Simran Jeet Singh greets people outside St Paul’s Chapel in New York on Friday after ringing the “Bell of Hope”. The bell was a gift from London to New York and is sounded for victims of terrible attacks and terrorism. (AFP)
New York, Aug. 11: During the 2008 presidential campaign, rumours proliferated that Barack Obama was a Muslim who had been indoctrinated into militant Islam during childhood studies in a madarsa.
The fact that the Democratic candidate had been a prominent and visible member of a Protestant church in Chicago for years somehow mattered not at all. The Obama campaign even created a website wholly devoted to answering conspiracy theories and smears.
Ultimately, though, it took a Republican in the form of Colin L. Powell to speak truth to fantasy. “He is not a Muslim, he’s a Christian. He’s always been a Christian,” the retired general and former cabinet secretary said on Meet the Press. “But the really right answer is, What if he is? Is there something wrong with being a Muslim in this country? The answer is no, that’s not America.”
Powell’s words echo now in the aftermath of last weekend’s massacre of six worshipers at a gurdwara near Milwaukee. The narrative that has emerged in both media coverage and public discourse since then has been one of religious mistaken identity. It presumes that the killer, identified as a white supremacist named Wade M. Page, may have shot the Sikhs because he ignorantly believed they were Muslim.
Such a story line is accurate as far as it goes. Hundreds of times since the terrorist attacks on September 11, 2001, Sikhs have been the victims of bias crimes. The perpetrators have invariably assumed that because Sikh men wear turbans and have beards they are Muslims, even specifically Taliban.
How terrible it is that it has taken the slayings in Wisconsin to serve as a national teachable moment about the theology and practices of the Sikh religion.
Yet the mistaken-identity narrative carries with it an unspoken, even unexamined premise. It implies that somehow the public would have —even should have — reacted differently had Page turned his gun on Muslims attending a mosque.
It suggests that such a crime would be more explicable, more easily rationalised, less worthy of moral outrage.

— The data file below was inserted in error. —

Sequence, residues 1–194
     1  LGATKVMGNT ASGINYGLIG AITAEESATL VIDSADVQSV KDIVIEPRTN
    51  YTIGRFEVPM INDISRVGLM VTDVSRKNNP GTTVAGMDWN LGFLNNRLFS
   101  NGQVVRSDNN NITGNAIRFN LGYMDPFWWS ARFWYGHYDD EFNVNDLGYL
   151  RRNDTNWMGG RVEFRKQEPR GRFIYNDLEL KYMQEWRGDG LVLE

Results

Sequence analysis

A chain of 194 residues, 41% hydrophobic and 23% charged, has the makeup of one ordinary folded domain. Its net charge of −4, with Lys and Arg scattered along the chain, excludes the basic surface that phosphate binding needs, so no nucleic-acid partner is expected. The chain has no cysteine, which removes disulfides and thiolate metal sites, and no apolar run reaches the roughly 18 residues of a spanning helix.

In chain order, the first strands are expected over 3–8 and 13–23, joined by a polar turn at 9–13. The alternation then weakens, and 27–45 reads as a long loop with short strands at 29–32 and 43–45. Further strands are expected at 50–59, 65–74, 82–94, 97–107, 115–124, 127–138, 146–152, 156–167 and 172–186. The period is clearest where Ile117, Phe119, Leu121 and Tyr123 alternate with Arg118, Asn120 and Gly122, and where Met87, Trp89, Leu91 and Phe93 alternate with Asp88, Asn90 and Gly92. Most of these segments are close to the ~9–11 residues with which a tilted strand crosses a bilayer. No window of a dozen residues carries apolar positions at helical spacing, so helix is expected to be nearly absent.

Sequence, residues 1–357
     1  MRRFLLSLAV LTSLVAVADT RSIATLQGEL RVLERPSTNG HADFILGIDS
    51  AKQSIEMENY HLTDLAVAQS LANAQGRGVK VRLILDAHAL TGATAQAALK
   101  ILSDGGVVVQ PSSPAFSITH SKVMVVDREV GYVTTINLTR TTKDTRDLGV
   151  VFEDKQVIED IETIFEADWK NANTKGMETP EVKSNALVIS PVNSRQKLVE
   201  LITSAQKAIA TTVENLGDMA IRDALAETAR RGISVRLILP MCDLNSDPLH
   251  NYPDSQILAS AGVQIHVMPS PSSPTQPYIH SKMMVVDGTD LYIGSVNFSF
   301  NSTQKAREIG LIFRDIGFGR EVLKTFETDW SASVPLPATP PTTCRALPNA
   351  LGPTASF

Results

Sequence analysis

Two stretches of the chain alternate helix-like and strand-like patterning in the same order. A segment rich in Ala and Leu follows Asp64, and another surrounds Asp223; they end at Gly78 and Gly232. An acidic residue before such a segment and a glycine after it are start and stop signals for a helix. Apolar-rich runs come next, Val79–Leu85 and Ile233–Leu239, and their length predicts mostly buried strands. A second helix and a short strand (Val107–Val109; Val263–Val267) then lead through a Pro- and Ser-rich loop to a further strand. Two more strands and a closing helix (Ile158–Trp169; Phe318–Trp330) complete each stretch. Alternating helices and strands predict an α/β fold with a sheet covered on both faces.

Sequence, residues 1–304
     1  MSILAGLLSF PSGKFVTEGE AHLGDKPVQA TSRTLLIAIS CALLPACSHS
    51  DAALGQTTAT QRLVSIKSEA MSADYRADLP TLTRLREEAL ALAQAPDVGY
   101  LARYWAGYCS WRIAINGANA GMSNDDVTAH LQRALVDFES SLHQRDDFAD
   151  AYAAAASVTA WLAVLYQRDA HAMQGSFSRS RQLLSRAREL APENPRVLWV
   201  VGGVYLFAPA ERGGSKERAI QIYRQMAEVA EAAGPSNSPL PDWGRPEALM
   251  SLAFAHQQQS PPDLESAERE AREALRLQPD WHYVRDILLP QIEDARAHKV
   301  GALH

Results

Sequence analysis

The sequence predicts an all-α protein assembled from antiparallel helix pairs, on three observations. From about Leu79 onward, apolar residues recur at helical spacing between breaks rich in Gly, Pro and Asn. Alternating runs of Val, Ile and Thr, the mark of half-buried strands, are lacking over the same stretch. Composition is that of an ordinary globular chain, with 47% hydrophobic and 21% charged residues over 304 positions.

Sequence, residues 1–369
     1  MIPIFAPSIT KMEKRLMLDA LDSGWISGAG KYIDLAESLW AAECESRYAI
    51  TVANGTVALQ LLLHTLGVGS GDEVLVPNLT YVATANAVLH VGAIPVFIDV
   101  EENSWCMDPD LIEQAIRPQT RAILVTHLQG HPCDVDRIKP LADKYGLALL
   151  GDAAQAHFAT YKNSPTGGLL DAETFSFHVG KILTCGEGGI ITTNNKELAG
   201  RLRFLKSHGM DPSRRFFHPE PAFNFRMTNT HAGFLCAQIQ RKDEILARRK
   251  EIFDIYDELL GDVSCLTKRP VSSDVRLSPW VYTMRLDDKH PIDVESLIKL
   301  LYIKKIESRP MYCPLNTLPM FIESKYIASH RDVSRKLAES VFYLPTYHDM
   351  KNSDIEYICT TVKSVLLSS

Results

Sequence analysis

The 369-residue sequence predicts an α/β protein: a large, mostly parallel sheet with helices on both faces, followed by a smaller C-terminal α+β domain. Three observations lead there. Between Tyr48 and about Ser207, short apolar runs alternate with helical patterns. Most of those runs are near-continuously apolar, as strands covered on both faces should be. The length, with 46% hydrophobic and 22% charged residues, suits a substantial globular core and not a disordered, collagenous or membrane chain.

“Islamophobia has become so mainstream in this country that Americans have been trained to expect violence against Muslims — not excuse it, but expect it,” said Reza Aslan, an Iranian-American writer and scholar on religion. “And that’s happened because you have an Islamophobia industry in this country devoted to making Americans think there’s an enemy within.”
As a Sikh, Vishavjit Singh has found himself wrestling with the subject these past few days. “If this had happened at a mosque, would our reaction be different?” asked Singh, a software engineer in suburban New York who also publishes political cartoons online at Sikhtoons.com.
“I hope not, but the answer might be yes. You’d have the same amount of coverage, but you might have more voices saying, ‘Well, you know, it’s understandable, we’re at war, we’ve been at war.’ That’s an unfortunate commentary on our society today.”
The paradox is that bias crimes against Muslims are growing a decade after the September 11 attacks. The number of such instances, as tallied by the Federal Bureau of Investigation, had been falling steadily from nearly 500 in 2001 to 107 in 2009. Then, in 2010, the most recent year for which the FBI has data, the number leapt by 50 per cent, to 160.
That spike does not look like either a mathematical or historical accident. During 2010, controversy erupted about the proposed “ground zero mosque,” which was actually a community centre several blocks away.
Prompted by several actual or attempted acts of terrorism by American Muslims, Representative Peter T. King began preparing for hearings in the spring of 2011 on supposedly widespread subversion among millions of American Muslims — an exercise in suspicion, if not guilt, by association.
Representative Michele Bachmann, a former candidate for the Republican presidential nomination, recently accused a Muslim aide to Secretary of State Hillary Rodham Clinton of having ties to the Muslim Brotherhood.
Such talk adds up to what John Shuford, the director of the Institute for Hate Studies at Gonzaga University in Spokane, Washington, calls “enmification” — the process of turning a particular group into an enemy. Now that American Muslims have been enmified, violence against them is understood in a mitigated, mediated way.
“Rationalisation (or the capability of being rationalised) is a good way of putting it,” Professor Shuford wrote in an email message. “Not in the sense of rational behaviour or excusability, but in the sense of being understandable, in the way that sometimes leaps in logic, mistaken or misinformed beliefs, outright ignorance and prejudice, and influential social narratives can be quite intelligible even to those who do not view the world in the same way.”
Just one day after the shootings near Milwaukee, a mosque in Joplin, Missouri, was burned down. Several weeks earlier, it had also been set afire. This latest episode was covered mostly by the local news media and The Associated Press, with a few larger organisations picking up the wire-service story.
Certainly, an apparent bias crime against property, heinous as that is, does not compare in journalism’s calculus to the bigoted murder of six people. But it is at least worth pondering whether the Joplin arson also set off a kind of internal well-you-must-understand response.
“If it were a church or a synagogue that had been burned down twice, we’d be shocked by it,” Aslan said. “The narrative about the mosque burning has a sense of expectation to it.” The problem with enmification, though, is that it knows few bounds. What started with the hatred of Muslims has repeatedly swept up Sikhs (and also, in some cases, Latinos) in its vortex.”